Wow, we'd hate to be on the receiving end of whatever is going on in the photo above; that lady is really snapping at someone. We can only hope it all gets worked out peacefully.
We're continuing our Checker School series with another "snappy" problem posed to our friend Nemo by his mentor, Skittle, both of whom appear in Checker Board Strategy by Andrew J. Banks, a self-described "checker philosopher." The problem itself is attributed to G. M. Gibson.
Black has two kings and a man to White's one king and two men, and has one other obvious advantage. Do you see it? Do you see how White might defend, and how Black might still overcome that defense?
Don't snap at us; we're just trying to provide you with interesting material! And when you find the solution, you'll surely snap to attention! Clicking on Read More will let you check your work and review our extensive notes.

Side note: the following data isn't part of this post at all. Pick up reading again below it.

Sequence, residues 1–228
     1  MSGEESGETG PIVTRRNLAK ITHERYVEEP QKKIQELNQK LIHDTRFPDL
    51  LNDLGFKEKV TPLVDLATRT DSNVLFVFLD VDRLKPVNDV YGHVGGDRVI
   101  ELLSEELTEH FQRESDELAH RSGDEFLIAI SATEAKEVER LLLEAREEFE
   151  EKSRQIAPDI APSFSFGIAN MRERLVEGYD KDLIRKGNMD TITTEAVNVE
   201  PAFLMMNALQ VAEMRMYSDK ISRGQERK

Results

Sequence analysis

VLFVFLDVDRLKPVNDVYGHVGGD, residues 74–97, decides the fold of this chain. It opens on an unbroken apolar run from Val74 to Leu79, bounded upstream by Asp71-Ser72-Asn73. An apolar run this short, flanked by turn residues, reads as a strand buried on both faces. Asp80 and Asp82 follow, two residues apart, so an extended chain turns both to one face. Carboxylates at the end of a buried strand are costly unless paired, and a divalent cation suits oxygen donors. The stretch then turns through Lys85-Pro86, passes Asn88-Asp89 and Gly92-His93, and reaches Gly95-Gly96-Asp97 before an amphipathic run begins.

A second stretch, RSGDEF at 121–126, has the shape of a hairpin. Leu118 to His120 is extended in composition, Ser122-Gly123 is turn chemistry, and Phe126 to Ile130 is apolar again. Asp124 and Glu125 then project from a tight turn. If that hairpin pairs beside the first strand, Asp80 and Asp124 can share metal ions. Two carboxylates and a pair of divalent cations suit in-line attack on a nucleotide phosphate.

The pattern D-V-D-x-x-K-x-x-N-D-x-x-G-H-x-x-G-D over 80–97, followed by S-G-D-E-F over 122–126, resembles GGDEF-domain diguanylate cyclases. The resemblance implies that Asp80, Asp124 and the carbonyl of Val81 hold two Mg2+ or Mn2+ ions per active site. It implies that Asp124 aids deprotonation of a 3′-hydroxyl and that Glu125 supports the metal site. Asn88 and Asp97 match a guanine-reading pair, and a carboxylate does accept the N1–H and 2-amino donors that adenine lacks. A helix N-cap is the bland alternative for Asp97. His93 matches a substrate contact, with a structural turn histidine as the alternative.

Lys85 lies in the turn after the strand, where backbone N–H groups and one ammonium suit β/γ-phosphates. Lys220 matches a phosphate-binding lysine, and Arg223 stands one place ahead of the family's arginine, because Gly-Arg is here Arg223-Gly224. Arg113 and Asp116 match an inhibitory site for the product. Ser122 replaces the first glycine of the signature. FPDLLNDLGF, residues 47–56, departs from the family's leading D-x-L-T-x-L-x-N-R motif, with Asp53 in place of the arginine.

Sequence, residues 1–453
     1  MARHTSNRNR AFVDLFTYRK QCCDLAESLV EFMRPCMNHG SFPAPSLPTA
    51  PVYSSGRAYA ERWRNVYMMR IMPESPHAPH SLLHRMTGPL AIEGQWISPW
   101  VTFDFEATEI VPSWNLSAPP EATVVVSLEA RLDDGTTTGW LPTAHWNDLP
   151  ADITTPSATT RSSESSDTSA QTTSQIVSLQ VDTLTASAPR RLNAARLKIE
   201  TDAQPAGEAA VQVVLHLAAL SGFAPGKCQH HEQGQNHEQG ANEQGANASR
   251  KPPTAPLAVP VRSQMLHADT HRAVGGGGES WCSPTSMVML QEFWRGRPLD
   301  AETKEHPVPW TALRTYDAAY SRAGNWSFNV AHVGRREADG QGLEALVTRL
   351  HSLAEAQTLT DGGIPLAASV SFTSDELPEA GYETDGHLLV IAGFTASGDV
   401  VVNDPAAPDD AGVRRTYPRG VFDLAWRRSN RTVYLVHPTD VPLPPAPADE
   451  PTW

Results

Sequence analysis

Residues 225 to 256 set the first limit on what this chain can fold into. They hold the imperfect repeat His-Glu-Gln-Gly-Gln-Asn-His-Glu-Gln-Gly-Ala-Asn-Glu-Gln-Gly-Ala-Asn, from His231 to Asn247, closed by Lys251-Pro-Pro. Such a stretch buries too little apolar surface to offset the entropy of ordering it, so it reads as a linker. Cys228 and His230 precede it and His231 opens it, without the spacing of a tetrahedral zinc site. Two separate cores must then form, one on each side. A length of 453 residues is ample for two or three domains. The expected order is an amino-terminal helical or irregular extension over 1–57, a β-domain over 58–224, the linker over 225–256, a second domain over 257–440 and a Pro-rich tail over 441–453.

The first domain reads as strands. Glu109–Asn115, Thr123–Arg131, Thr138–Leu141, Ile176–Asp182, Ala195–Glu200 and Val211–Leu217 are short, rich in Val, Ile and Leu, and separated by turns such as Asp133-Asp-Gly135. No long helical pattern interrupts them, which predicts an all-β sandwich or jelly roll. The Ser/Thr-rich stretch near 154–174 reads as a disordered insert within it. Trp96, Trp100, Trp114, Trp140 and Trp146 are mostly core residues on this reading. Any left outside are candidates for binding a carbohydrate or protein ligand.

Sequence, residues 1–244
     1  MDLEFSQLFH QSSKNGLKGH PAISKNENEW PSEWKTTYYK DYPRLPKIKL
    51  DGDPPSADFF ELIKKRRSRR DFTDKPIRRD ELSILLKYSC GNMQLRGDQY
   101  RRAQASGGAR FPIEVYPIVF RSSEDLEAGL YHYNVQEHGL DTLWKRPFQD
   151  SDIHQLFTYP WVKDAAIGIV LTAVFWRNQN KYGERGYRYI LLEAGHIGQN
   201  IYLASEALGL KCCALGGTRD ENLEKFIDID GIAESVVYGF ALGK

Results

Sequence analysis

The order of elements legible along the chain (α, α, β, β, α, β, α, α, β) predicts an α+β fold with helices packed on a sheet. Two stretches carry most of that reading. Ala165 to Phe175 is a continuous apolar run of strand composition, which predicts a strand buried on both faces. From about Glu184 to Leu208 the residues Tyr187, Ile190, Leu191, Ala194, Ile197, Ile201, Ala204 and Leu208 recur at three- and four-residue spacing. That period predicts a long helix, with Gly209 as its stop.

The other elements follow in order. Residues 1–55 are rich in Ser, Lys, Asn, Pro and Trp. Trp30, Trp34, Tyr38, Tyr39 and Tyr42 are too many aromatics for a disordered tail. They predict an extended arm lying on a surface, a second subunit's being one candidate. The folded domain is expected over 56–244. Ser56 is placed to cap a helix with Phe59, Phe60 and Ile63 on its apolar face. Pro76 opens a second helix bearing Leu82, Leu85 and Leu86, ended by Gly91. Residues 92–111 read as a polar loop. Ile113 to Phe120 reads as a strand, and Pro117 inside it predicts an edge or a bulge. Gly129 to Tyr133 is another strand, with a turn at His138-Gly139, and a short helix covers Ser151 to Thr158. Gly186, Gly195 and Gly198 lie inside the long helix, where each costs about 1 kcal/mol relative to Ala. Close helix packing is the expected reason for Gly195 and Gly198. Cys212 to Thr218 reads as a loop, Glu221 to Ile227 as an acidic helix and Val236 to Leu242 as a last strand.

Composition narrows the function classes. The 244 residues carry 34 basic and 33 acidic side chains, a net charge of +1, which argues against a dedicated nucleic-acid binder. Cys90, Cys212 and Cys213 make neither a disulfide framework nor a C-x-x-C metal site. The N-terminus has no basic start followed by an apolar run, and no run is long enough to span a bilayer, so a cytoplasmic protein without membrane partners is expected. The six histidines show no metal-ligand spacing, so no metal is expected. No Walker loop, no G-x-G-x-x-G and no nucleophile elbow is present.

17-13---A 25-22---B 18x25---C 9-6---D 13-9!---E 6x13 25-22---F 13-9 22-26---G 9-14 26-23 Black Wins.
A---If 17-21, 19-15 to a draw. If 18-23 then 25-21.
B---Trying to make things difficult for Black, as on 9-6 18-23 the White man on 19 is lost.
C---No choice as the double jump must be avoided.
D---Yes, Black is a man up. But now the Black piece on 11 is threatened, for instance if 25-22, 6-2 22-18 2-7 to a draw.
E---Did you see this amazing Black resource?
F---And now Black again is in a position to win the White man on 19.
G---Careful! 22-18 19-15 and the White man gets away.
Quite a bit of interesting and instructive play is to be found in this seemingly innocent little problem. But we're not surprised; it's checkers, after all.